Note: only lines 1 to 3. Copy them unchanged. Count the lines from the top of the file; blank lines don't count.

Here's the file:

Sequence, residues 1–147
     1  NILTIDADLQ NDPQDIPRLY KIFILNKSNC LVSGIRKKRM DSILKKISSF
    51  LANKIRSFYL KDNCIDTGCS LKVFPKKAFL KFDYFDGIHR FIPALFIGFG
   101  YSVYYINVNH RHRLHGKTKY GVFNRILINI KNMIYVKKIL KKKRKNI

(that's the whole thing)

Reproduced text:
Sequence, residues 1–147
     1  NILTIDADLQ NDPQDIPRLY KIFILNKSNC LVSGIRKKRM DSILKKISSF
    51  LANKIRSFYL KDNCIDTGCS LKVFPKKAFL KFDYFDGIHR FIPALFIGFG